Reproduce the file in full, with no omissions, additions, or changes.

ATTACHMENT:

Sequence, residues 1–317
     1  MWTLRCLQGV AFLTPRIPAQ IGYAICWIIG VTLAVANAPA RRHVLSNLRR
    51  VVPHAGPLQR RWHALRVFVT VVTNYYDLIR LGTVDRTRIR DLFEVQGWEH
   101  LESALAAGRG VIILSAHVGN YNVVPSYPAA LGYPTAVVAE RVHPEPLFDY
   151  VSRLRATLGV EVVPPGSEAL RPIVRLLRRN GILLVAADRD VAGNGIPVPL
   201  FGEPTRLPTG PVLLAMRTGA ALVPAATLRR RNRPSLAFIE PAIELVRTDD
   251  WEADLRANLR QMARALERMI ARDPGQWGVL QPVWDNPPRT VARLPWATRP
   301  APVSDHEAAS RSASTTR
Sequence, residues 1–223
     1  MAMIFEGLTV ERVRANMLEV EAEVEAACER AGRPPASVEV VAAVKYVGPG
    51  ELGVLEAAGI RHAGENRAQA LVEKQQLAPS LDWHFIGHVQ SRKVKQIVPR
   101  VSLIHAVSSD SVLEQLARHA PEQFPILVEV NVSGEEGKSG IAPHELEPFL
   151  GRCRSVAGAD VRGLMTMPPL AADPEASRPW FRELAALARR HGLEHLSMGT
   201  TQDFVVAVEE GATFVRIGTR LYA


Sequence, residues 1–317
     1  MWTLRCLQGV AFLTPRIPAQ IGYAICWIIG VTLAVANAPA RRHVLSNLRR
    51  VVPHAGPLQR RWHALRVFVT VVTNYYDLIR LGTVDRTRIR DLFEVQGWEH
   101  LESALAAGRG VIILSAHVGN YNVVPSYPAA LGYPTAVVAE RVHPEPLFDY
   151  VSRLRATLGV EVVPPGSEAL RPIVRLLRRN GILLVAADRD VAGNGIPVPL
   201  FGEPTRLPTG PVLLAMRTGA ALVPAATLRR RNRPSLAFIE PAIELVRTDD
   251  WEADLRANLR QMARALERMI ARDPGQWGVL QPVWDNPPRT VARLPWATRP
   301  APVSDHEAAS RSASTTR
Sequence, residues 1–223
     1  MAMIFEGLTV ERVRANMLEV EAEVEAACER AGRPPASVEV VAAVKYVGPG
    51  ELGVLEAAGI RHAGENRAQA LVEKQQLAPS LDWHFIGHVQ SRKVKQIVPR
   101  VSLIHAVSSD SVLEQLARHA PEQFPILVEV NVSGEEGKSG IAPHELEPFL
   151  GRCRSVAGAD VRGLMTMPPL AADPEASRPW FRELAALARR HGLEHLSMGT
   201  TQDFVVAVEE GATFVRIGTR LYA